• In FIG. 6, the controller unit for the turntable unit [0060] 5, the boom unit 6, and the tool 7, is shown in further detail. As shown in FIG. 6, the vehicle 1 includes a control key switch 139 that is coupled via electrically-conductive line 140 to supply a control key signal to the controller 92. The control key switch 139 can be the ignition switch of the vehicle, for example, coupled to start the power plant 80 in addition to activating the controller 92 so that the turntable unit 5, the boom unit 6, and the tool 7 can be moved via respective hydraulic actuators under power supplied by the power plant. The controller 92 is activated to permit movement of the hydraulic actuators of the turntable unit 5, the boom unit 6, and the tool 7, based on the state of the control key switch signal. More specifically, the control key switch 139 generates an activated control key signal if the key of the vehicle 10 has been inserted into the switch 139 and turned. On the other hand, if the control key has not been inserted into the switch 139 and turned, the control key signal is in a deactivated state so that the controller 92 is likewise deactivated to prevent movement of the turntable unit 5, the boom unit 6, and the tool 7. The control key switch 139 can thus be used to prevent operation of the vehicle 10 by persons other than an authorized operator possessing the control key.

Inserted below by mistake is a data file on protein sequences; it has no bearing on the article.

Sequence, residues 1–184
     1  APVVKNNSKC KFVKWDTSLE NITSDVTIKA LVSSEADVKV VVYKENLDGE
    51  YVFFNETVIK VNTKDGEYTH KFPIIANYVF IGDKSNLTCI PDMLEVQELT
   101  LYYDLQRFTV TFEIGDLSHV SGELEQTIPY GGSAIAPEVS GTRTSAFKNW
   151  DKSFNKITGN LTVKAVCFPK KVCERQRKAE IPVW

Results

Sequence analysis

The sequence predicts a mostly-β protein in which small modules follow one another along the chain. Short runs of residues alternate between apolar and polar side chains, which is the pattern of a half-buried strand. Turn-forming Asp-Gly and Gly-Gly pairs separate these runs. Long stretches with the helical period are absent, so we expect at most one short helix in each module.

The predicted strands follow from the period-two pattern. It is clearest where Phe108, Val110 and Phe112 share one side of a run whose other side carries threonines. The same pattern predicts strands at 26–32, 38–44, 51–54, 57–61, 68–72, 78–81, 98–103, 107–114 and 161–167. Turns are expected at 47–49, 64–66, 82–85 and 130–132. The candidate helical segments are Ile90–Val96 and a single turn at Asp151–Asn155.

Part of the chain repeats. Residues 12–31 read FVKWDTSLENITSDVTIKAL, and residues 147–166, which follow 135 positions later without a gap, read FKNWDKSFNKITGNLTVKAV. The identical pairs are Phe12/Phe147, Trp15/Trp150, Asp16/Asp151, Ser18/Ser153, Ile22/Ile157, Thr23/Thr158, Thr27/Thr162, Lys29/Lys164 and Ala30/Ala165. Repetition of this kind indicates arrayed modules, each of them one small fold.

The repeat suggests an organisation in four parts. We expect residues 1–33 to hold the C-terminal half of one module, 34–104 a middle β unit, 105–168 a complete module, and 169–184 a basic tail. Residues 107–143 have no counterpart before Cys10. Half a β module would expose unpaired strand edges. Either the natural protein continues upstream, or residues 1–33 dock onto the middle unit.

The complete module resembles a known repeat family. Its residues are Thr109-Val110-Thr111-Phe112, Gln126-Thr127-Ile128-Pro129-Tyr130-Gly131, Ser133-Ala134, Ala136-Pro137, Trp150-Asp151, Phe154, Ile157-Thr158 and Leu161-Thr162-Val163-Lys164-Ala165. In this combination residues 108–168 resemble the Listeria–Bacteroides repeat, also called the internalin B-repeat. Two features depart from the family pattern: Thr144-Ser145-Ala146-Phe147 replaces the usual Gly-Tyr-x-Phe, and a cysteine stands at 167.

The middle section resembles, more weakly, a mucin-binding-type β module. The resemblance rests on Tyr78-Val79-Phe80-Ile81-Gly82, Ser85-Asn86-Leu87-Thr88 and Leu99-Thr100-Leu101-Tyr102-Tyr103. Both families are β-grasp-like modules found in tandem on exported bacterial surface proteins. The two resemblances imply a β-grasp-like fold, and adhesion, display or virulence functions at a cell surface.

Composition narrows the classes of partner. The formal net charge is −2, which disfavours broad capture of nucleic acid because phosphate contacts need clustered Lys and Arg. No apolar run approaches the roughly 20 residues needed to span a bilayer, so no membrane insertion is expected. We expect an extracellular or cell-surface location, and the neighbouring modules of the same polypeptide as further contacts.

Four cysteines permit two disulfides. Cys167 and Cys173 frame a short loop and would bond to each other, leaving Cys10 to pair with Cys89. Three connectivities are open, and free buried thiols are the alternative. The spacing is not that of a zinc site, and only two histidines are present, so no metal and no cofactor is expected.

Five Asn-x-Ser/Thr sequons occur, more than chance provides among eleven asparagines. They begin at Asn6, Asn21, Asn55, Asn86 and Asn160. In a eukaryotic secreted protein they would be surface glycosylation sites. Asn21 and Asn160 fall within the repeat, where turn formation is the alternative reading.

• As a further safety precaution, the vehicle [0061] 10 can include a seat switch 141 and an emergency stop switch 142 coupled in series along electrically-conductive line 143 between an electric power supply such as the vehicle's battery and/or alternator (not shown), and the controller 92. The seat/emergency switch signal generated by the power supply on line 143 and supplied to the controller 92 is in an activated state only if the operator is seated in the seat 25 to close the switch 141 and the emergency stop switch 142 has not been depressed and is therefore in a closed state. On the other hand, if the operator is not seated in the seat 25 so that the switch 141 is open, and/or if the emergency stop switch 142 is depressed so that such switch is open, the seat/emergency switch signal is in a deactivated state so that the controller 92 is likewise deactivated and cannot move the turntable unit 5, the boom unit 6 or the tool 7 via the hydraulic actuators. The seat switch 141 and the emergency stop switch 142 ensure that the vehicle cannot be operated unless the driver is seated. The emergency stop switch 142 can be activated by the operator or other person to cease further movement of the turntable unit 5, the boom unit 6, and the tool 7 in the event of a dangerous condition necessitating cessation of further movement of such elements.